Shame on the JEC
I think the Joint Elections Committee should be ashamed of itself. SA elections this year ran on the platform of changing and revamping the Student Association, making it an organization to represent the students fully. How can the SA even attempt to do that when its representatives were not elected with the majority of the student vote?
With all due respect, Julie Bindelglass and Nick Polk did not win the majority of student votes and would not represent the choice of the GW student body. The argument that Kyle violated JEC rules regarding finances is further reinforcement that the JEC and the SA are not fully representing and serving the students.
The violation has no bearing on how effective Kyle would be as SA president. The JEC continues to make and enforce rules which are perceived on campus to only trip up SA candidates. To be blunt, the JEC reinforces its reputation as an ineffective and unproductive organization on campus. How can students respect the election of the SA and the JEC when it does not represent them at all?
Olivia Hallihan, Junior
No to the smoking ban
While it is seemingly noble for the members of “Campus for Clean Air” to propose a campuswide smoking ban, we should all be wary of proposed policies that take away our individual liberties. I’m sure the members of this group have the good intentions of protecting people from the harms of secondhand smoke, but their tactics are rooted in fascist ideology.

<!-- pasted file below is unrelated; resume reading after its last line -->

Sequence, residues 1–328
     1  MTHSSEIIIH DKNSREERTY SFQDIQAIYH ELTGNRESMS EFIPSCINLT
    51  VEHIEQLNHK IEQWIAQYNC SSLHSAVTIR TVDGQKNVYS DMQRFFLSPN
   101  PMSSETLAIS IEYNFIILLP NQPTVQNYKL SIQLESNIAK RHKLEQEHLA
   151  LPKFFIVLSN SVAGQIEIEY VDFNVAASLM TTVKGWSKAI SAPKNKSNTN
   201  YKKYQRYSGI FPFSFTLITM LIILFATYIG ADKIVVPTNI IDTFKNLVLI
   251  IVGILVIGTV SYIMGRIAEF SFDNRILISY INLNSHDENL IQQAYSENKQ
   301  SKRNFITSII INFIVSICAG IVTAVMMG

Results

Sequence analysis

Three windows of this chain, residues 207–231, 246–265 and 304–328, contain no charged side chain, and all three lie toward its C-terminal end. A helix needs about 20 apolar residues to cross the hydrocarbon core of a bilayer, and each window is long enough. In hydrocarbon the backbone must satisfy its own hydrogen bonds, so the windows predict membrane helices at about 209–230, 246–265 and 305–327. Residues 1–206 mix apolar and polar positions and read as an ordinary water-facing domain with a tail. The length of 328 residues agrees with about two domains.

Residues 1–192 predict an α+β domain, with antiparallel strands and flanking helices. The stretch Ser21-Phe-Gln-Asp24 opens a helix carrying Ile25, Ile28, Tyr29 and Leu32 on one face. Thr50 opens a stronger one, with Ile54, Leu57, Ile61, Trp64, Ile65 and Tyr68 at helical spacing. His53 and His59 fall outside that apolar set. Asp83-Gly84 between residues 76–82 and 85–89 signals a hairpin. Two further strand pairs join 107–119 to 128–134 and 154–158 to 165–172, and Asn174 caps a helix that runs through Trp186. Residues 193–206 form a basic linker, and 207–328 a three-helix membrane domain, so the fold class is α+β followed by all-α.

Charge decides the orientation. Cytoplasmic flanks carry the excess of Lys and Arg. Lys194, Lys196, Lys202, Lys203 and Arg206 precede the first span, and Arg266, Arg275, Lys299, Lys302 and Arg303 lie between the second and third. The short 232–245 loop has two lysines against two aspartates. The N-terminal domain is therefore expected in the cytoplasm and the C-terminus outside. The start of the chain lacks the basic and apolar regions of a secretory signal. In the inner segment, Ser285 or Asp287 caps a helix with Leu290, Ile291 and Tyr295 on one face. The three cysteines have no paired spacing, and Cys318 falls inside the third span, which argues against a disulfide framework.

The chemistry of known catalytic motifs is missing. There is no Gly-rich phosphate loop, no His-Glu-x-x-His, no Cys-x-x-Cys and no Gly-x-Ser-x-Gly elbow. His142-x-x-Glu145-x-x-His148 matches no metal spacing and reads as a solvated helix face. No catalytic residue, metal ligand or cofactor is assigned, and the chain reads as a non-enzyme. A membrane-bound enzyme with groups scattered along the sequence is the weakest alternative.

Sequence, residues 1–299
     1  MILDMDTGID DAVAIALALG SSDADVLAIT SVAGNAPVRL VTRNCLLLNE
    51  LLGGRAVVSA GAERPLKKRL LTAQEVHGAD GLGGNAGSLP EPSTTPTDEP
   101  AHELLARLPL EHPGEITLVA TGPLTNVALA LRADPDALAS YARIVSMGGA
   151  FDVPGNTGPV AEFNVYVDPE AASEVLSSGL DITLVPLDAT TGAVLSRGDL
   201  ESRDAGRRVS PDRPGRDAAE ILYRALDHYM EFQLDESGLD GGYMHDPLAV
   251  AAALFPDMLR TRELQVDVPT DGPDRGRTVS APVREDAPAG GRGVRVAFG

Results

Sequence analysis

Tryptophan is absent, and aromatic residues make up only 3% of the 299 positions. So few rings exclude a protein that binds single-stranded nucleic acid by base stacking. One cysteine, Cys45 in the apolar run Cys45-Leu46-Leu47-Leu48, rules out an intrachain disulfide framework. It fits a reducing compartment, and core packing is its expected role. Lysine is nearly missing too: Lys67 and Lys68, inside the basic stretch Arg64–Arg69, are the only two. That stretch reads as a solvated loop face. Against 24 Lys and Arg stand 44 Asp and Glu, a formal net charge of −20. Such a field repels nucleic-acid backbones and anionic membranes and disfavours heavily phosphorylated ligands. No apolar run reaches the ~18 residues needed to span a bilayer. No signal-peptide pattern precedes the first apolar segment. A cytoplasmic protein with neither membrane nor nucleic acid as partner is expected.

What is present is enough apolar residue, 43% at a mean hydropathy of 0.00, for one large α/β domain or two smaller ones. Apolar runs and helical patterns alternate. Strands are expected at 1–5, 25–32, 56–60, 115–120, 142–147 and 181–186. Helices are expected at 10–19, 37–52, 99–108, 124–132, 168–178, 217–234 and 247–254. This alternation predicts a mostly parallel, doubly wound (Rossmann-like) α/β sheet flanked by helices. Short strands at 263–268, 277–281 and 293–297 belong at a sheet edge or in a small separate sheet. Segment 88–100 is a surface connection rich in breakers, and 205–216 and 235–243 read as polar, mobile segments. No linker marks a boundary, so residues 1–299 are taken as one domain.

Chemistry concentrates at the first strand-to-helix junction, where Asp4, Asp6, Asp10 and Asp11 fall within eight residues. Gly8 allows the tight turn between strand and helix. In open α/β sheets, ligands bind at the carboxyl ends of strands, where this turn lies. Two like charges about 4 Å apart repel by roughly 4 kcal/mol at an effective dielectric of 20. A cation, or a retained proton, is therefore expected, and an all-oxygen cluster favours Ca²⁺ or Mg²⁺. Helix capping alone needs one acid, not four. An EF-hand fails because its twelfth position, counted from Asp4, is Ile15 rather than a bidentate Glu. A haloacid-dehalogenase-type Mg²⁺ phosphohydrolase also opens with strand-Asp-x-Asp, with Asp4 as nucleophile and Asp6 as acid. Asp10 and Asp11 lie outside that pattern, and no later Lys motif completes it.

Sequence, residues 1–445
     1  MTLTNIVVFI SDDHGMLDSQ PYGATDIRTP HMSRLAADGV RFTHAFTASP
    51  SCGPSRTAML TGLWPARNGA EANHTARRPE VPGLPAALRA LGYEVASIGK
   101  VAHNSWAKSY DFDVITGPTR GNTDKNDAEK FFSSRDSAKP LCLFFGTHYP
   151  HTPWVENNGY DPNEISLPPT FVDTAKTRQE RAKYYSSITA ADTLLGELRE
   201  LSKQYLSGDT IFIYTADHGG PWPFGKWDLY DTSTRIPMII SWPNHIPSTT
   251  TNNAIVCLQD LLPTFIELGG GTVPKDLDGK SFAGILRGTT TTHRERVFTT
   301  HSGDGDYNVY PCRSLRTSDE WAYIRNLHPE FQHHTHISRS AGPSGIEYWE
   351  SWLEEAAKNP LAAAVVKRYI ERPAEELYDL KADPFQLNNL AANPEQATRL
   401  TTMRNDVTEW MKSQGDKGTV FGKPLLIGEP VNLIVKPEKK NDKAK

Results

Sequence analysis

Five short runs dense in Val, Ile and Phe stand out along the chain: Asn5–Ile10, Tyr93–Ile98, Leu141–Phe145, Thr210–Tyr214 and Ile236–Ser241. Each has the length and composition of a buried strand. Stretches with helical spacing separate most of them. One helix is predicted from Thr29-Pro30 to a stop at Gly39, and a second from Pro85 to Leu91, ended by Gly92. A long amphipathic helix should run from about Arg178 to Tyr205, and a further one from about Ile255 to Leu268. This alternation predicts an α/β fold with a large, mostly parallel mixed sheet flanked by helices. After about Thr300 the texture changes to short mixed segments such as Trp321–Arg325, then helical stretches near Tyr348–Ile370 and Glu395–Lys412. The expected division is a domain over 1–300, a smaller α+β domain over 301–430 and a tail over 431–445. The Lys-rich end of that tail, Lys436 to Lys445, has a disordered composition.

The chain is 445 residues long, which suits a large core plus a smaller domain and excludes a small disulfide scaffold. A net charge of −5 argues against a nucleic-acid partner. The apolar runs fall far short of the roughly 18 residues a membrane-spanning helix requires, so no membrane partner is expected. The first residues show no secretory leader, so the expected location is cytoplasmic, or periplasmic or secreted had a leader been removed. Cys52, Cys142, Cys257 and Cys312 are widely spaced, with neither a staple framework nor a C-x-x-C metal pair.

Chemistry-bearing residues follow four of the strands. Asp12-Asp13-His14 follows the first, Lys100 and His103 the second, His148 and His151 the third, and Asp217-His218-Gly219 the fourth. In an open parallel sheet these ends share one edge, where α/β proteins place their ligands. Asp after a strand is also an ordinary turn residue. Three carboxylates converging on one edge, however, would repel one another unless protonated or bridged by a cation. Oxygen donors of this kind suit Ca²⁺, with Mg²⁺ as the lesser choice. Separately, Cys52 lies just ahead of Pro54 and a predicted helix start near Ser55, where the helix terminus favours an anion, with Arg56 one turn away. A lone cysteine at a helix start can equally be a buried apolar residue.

While that accusation may seem extreme, fascists seek to exert control over individuals as a way to promote their agendas. If these students are truly concerned with the ill effects of secondhand smoke, there are ways to promote their agenda that don’t trample individual rights. If the GW administration allows such a proposed ban, it would set a dangerous precedent. If we let them take away our right to smoke on campus today, who knows what rights they will look to deny in the future?
While banning smoking on campus may not seem like a very serious issue, it is important to defeat fascist movements before they get out of hand. If you don’t believe me, go ask Neville Chamberlain. By the way, does anyone find it ironic that one of the best places on campus to enjoy a cigarette is right in front of the School of Public Health?
Allan Johnson, Senior
We don’t own the sidewalks
I just read The Hatchet’s article on the proposed campus smoking ban (“Students propose smoking ban,” March 12). If the University were a closed campus like Georgetown or American University, it might be feasible. However, given the open layout in the city, this seems a bit preposterous. The quad and walkways between Lisner and the library and similar spaces may be owned by GW, but are not exclusively used by GW staff and students. They are also used by visitors, area residents and workers in the area to get across campus.
I understand not smoking in closed areas and near certain entrances, but to me, this seems to be just another attempt to harass smokers, rather than a public health concern. If Campus for Clean Air really was concerned about student health they would seek to ban cars from campus and ensure that the university provides incentive to its employees to use public transportation. After all, motor vehicle pollution is measured in tons, not grams and milligrams.
Kevin B. Rost, Class of 1987